Posted by: Rhinehold at April 26, 2006 4:23 AM
Comment #143197


I confess I can’t make out the substance of the bill in the link you provided. Can you tell me how this affects downloading music? Does it affect your right to copy music that you own, but only store in your hard drive?


Posted by: goodkingned at April 26, 2006 4:52 AM
Comment #143201

Rhinehold, good and timely topic. But, you’re missing the much bigger and more onerous aspects of this bill. If passed, spying on Americans JUST TO SEE IF THEY ARE VIOLATING COPYRIGHT will become a favorite government and private industry pasttime, ushering in Orwell’s 1984 via every piece of software or contacts one makes with an electronic device, because they all run on software, and all software can be pirated.

Moguls are no doubt interested in protecting their copyrights, but, the government could care less about that, what they are far more interested in is the police snoop power the mogul’s copyright infringement law would give the justice department.

This law will subvert the last vestiges of the search and seizure protections of the 1960’s and 1970’s, which guaranteed citizens the right to privacy unless and UNTIL a law violation had taken place. This new law will knock that down, I guarantee it, and give the Justice Dep’t. the power to hunt into our private lives in search of a crime. It won’t be a stretch after that to find Police and FBI planting evidence on those they know are guilty of something but have can’t get any evidence on, or on those who present a challenge to their Captains, or those who oppose their political views, or those who are demonstrators and politically vocal against government policy.

This road is paved with loss of freedom and liberty, and I am not talking about the freedom to pirate. New research shows lineups and eyewitnesses have erroneously convicted countless innocent victims who were minding their own business. This law will compound that trend many fold. One of the logistical problems is oversight.

With that much surveillance of international phone calls, and then consumers of PC’s, software, music and video DVD’s and CD’s etc., there won’t be a sufficient budget or manpower to hire overseers to watch the justice dep’t and police as they abuse this newfound power to spy on folks in their own homes via the internet connection.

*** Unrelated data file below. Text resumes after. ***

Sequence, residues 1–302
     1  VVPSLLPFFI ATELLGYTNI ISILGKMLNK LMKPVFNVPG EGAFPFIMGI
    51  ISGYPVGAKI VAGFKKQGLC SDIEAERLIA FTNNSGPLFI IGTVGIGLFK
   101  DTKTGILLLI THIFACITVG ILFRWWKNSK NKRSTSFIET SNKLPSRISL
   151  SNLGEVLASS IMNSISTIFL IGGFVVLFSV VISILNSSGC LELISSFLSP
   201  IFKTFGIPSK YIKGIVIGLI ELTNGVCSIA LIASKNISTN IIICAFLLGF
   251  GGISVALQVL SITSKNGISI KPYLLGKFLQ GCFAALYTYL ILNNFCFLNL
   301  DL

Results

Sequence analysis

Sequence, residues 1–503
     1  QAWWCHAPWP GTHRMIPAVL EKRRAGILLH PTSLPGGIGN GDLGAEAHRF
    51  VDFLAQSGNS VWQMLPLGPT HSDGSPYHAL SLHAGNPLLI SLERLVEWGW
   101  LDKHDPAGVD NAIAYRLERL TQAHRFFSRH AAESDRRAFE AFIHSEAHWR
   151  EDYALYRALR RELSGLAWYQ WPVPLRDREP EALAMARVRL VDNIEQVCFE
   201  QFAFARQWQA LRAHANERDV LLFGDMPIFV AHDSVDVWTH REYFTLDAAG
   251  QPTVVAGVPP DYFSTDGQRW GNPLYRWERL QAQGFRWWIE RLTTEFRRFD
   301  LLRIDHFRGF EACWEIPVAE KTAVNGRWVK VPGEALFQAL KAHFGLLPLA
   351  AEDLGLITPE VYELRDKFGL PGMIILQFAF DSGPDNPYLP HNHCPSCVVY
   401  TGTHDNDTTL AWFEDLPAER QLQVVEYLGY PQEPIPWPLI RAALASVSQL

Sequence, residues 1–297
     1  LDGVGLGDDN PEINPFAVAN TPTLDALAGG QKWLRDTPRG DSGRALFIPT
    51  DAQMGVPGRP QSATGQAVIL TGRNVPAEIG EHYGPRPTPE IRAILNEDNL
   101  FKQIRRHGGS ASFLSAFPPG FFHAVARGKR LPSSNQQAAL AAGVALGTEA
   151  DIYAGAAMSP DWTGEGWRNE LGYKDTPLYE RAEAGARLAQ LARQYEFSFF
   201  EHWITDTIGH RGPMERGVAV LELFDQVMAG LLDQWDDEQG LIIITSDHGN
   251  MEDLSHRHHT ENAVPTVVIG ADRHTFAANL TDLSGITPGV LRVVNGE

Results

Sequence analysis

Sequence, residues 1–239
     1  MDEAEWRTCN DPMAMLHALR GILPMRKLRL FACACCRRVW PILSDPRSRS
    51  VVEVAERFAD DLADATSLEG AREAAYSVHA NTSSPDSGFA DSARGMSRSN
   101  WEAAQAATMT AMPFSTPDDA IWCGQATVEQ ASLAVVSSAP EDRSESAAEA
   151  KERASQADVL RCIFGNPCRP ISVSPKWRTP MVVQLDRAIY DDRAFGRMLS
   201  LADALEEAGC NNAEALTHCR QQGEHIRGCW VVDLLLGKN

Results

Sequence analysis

It will create quite a black market for the police to obtain software that will plant copyright violation software on your or my PC via the internet in order to bust us for something they think we did, but, can’t get evidence of. This is really, really dangerous to America’s civil liberties, those which we still have left.

Posted by: David R. Remer at April 26, 2006 6:18 AM
Comment #143210

This is the cat’s pajamas to these software/media giants, because they didn’t get everything they wanted out of the DMCA. That law gave people fair use rights, and these companies have been violating the law ever since. You have a right to control the content you purchase on dvd and cd, but they have placed so many obstacles in the way of individual rights that you essentially don’t have fair use if you dont go around the copy protection. The new push is actually making things worse, because blu-ray and hd-dvd are going to be encrypted to a psychotic degree, and the players will be capable of rendering discs unplayable if they are considered in violation of copyright law. Your disc becomes a coaster, and i believe it may shut down your player as well. We have already seen discs including malicious software that opens back doors into your computer (it was on a sony disc, its called a rootkit, it installs without asking you and then starts phoning home), and yet no one has sued Sony.